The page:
An Amsterdam Designer Brings On the Quirk in Her Funky Home Renovation

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“It’s a lot easier to judge what the essence is and what should be reflected in the design for people other than myself. It takes a lot longer for me to work out what would be the best option,” notes Jennifer Foster (left), with her partner Hans.

To many designers, their home is a sacred place, one where they can find respite and inspiration, a chance to experiment, and plenty of DIY projects. For Jennifer Foster, an interior architect and spatial planner at Amsterdam-based Studio JAAF, and her biochemist partner Hans Kistemaker, this was precisely the case: “We like to be surrounded by things that make us feel at ease and inspired at the same time,” explains Jennifer. “For us, colors work in setting a positive, uplifting, and happy mood. It stimulates creativity for us.”

But that vibe was definitely not present in the former rental apartment that the two purchased in the winter of 2017 in Amsterdam. In the two-story building, the ground floor had been used mainly for storage, while the second floor was where all of the rooms of the apartment were located: two bedrooms, a living room, a tiny kitchen, and a shower/toilet combination, which Jennifer described as “an extremely dirty student toilet” that was, frankly, “disgusting.”

By moving the living room and kitchen to the upper floora somewhat unusual arrangementthe kitchen gains direct access to...

By moving the living room and kitchen to the upper floor—a somewhat unusual arrangement—the kitchen gains direct access to the rooftop terrace. The purple sofa in the second-floor living room is the Ploum sofa from Ligne Roset.

The relocated living room is filled with natural light.

The relocated living room is filled with natural light.

Despite this, the two could see the potential in the house (originally constructed in the 1940s), in large part because they realized the possibility of extending the home to the rear, creating more square footage without sacrificing a decently sized garden. They were particularly excited by the prospect of adding a roof terrace on the second floor (they profess that they “love being outside—when it’s warm enough!”), so the options for adapting the building to their needs seemed feasible and even ideal for the couple’s two tortoises, Aphrodite and Hermes. What’s more, Hans had worked for a construction company as a side job while completing his chemistry studies, so his knowledge and experience came in handy.

First on their to-do list was to reconsider the house’s layout to take advantage of the square footage on the ground floor that had been used as storage. They decided to locate two bedrooms and a bathroom on this lower level, adding an extension at the rear of the building to create enough space. On the upper floor, they put a generously sized kitchen and living room, along with an area used as an office (and that gnarly old bathroom was, thankfully, transformed into a closet and separate bathroom).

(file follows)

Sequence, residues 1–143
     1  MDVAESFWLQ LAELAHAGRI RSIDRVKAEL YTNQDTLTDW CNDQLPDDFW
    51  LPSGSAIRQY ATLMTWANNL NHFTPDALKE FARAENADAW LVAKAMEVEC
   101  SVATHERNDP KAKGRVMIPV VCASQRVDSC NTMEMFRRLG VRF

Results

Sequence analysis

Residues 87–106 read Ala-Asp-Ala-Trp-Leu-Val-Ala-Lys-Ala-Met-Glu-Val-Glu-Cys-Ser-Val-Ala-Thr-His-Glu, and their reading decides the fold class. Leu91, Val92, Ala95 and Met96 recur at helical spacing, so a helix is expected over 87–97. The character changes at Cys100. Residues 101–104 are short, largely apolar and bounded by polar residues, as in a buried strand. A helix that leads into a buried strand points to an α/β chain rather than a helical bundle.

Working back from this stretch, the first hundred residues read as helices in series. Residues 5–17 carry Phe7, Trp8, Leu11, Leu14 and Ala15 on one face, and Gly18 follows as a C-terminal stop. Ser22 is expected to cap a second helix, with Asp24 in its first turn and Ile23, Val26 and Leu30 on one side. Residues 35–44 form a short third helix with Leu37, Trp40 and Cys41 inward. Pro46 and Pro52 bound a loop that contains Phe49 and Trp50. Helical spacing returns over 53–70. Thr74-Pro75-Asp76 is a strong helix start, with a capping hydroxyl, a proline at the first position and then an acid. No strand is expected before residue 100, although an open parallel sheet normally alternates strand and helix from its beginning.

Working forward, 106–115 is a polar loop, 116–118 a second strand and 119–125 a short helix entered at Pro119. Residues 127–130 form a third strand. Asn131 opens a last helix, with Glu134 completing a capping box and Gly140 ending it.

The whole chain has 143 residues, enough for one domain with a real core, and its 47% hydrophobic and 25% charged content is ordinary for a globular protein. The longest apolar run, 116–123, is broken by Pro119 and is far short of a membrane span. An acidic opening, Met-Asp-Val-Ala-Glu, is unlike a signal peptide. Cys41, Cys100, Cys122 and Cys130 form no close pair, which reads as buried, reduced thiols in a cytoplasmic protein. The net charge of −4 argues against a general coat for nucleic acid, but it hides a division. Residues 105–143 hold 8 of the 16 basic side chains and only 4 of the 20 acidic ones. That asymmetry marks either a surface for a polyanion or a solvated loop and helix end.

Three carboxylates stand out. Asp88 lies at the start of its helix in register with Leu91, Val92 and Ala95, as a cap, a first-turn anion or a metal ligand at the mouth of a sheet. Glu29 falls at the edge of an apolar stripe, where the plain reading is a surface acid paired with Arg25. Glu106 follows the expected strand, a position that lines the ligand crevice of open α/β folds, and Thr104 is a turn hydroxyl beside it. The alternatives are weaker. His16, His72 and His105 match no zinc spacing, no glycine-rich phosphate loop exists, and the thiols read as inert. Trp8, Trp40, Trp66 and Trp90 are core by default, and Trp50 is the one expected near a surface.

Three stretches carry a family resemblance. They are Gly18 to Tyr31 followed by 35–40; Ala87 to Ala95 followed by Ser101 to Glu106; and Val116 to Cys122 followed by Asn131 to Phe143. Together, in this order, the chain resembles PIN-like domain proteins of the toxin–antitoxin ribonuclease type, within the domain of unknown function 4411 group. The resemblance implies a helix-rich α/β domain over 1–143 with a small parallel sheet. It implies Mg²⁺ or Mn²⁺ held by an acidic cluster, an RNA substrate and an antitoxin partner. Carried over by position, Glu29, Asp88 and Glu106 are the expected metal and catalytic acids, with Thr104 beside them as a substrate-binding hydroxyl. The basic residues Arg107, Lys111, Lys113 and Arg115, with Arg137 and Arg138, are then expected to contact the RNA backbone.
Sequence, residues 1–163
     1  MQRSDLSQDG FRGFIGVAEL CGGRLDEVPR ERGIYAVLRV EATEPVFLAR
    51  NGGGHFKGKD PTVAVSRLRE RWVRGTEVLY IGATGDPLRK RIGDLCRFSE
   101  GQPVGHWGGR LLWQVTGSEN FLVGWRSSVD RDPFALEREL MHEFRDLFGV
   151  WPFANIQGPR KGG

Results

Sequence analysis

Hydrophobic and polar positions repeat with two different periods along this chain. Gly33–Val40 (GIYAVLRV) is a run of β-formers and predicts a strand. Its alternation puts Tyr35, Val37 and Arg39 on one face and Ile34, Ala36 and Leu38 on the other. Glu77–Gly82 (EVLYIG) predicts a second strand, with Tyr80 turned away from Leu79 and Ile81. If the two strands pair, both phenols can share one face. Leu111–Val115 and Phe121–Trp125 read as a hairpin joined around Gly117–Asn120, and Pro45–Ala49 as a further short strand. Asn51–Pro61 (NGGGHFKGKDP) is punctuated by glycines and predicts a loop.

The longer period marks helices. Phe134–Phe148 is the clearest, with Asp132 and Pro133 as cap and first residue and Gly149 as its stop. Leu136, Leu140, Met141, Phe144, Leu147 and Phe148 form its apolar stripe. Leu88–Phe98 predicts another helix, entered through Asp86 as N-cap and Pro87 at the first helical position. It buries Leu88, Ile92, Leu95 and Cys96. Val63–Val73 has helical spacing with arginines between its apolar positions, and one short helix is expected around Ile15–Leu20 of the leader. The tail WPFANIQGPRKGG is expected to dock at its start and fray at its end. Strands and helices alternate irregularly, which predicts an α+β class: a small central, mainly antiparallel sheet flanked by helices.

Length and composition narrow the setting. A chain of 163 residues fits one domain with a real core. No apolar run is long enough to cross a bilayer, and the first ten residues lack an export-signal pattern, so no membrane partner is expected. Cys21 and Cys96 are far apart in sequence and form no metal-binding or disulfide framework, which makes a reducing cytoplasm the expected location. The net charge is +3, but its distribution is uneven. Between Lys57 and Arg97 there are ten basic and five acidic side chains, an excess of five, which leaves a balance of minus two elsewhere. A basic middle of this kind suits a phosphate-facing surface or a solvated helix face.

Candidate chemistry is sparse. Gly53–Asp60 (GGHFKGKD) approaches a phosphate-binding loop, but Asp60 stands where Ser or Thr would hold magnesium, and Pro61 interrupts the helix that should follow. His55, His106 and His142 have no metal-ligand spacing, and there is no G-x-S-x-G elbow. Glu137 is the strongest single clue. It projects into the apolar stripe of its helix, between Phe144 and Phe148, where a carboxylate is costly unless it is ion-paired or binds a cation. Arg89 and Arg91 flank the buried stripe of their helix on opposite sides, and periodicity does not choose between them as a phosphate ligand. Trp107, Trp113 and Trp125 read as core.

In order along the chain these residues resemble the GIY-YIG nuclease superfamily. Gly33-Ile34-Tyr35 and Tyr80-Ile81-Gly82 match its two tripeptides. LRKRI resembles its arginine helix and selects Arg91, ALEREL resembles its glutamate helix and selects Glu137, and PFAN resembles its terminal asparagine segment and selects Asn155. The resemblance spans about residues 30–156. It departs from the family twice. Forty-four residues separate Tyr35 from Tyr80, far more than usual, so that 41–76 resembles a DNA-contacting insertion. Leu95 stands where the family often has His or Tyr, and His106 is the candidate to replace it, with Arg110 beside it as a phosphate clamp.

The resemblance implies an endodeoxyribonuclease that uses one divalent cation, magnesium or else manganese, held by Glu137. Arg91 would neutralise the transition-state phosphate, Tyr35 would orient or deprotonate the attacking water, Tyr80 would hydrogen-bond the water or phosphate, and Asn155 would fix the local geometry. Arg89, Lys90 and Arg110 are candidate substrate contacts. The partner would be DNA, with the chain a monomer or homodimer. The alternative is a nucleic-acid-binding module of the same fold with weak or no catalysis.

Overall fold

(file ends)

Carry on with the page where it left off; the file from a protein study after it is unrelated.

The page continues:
The funky striped chairs by Annette Philip resemble Tshirts when tucked under the dining room tableit almost looks as if...

The funky striped chairs by Annette Philip resemble T-shirts when tucked under the dining room table—it almost looks as if people are seated when no one is there.

The otherwise white kitchen is given a flourish of pattern thanks to a blackandwhite terrazzoesque tile backsplash.

The otherwise white kitchen is given a flourish of pattern thanks to a black-and-white terrazzo-esque tile backsplash.

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Other small details, such as a translucent hand that acts as a hanger or hook (by Roos Soetekouw), add personality.

It took five months to make all of the rooms habitable, Jennifer explains, although the couple moved in after just three, with the extension yet to be finished. While many aspects of the project—such as the foundation and construction of the extension, much of the plumbing and electrical, some tiling, and the plastering of the walls—were done by professionals, the rest was completed by Hans and Jennifer, at times with family and friends.

For those finishing touches like fixture selection and installation, material palettes, and furniture choices, Jennifer felt that they didn’t “want a house that could be anyone’s; we wanted it to reflect us.” In went decor and wall paint in bold colors and shapes. “The playful furniture isn’t only functional; [the pieces] become kind of like creatures, elements with their own story. I love the quirkiness of the colorful items and art—it brings the house to life,” says Jennifer. The purple Ploum sofa from Ligne Roset, for example, is a favorite of Hans because of both its eye-catching form and its extreme comfort. It brings a touch of positivity, and some fun—just like the couple themselves.

The piece of art on the shelf behind our sofa is very special to both of us. We chose this artwork by Dan Lam as a...

“The piece of art on the shelf behind our sofa is very special to both of us. We chose this artwork by Dan Lam as a present for our registered partnership. We call it ‘the blob;’ some people call it ‘the three hanging tits.’ We love the various interpretations people have of the artwork,” says Jennifer.

The scenic bedding which shines in the sunny bedroom is by Snurk and the bed frame is by Loof. The cute poppy light...

The scenic bedding, which shines in the sunny bedroom, is by Snurk and the bed frame is by Loof. The cute, poppy light fixtures are by Tonone.

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